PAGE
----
Anatomy of a Successful EHR Adoption

By Nelson, Rosemarie | Medical Economics, December 25, 2012 | Go to article overview
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Anatomy of a Successful EHR Adoption


Nelson, Rosemarie, Medical Economics


How do you measure success? Some would suggest that we must determine the return on investment before we sign a vendor contract for an EHR acquisition. That task may be overwhelming considering that we dont often understand the costs of our current operations.

Greg Spencer, MD, chief medical officer of Crystal Run Healthcare, a group practice in New York with about 200 physicians, says, "Paper costs money, too, but that feels more like a 'normal' expense."

And therein lies the dilemma: What is the new normal?

Let's look at the story the data tell us.

Looking at the table "Orthopedic surgery, median per FTE physician, 2010 report" (numbers rounded), at first glance, we might point our fingers at the higher head count for orthopedic surgery practices using an EHR. Look further, however, and the EHR practices produce more relative value units (RVUs) and generate a higher percentage of medical revenue after operating costs than practices in the paper environment or those that are operating in a hybrid setting.

The table "Multispecialty, not hospital-owned, median per FTE physician, 2010 report" addresses the question: Do multispecialty practices using an EHR with more support staff per FTE physician use their staff more effectively as represented by more RVUs per FTE physician?The increased production would support a higher percentage of medical revenue after operating cost, and that includes the cost of the additional support staff.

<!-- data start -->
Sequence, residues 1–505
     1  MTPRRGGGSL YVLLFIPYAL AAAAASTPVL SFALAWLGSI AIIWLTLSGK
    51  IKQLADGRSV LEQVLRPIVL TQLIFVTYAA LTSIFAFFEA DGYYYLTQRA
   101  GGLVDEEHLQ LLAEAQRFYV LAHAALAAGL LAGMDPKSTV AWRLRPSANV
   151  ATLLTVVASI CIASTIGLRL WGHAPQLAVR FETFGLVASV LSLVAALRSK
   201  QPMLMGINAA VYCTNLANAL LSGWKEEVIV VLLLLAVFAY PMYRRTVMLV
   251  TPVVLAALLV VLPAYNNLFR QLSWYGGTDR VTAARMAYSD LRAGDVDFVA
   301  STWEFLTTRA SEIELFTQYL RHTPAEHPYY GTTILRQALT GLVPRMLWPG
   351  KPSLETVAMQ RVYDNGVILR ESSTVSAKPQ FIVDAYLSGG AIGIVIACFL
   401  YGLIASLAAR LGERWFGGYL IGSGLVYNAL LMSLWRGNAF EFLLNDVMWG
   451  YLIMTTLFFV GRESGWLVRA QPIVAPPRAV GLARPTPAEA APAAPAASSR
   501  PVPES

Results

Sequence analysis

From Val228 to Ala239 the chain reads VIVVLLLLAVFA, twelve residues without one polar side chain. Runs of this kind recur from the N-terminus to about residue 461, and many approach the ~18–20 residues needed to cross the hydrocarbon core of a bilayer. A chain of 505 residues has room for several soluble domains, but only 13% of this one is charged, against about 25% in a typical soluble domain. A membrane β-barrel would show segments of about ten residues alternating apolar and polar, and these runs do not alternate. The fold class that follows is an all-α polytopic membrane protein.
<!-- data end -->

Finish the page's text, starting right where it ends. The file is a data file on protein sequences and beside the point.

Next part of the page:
The table "Multispecialty by years EHR in practice, median per FTE physician, 2010 report" points to experienced EHR practices realizing the most significant benefits in the form of a higher percentage of medical revenue after operating costs and increased production as measured by total RVUs. The efficiencies of the EHR allow us to see more patients and provide more services, a win-win situation for the patient and the practice.

The table "Family practice, median per FTE physician, 2010 report" (again, numbers rounded) depicts family practice data that raise the question of staffing to support the provider. Do practices enter into the EHR implementation without appropriate staff to support the transition and adversely affect production?

It would appear that billing and collections operations are significantly enhanced with the use of the EHR in family practice.

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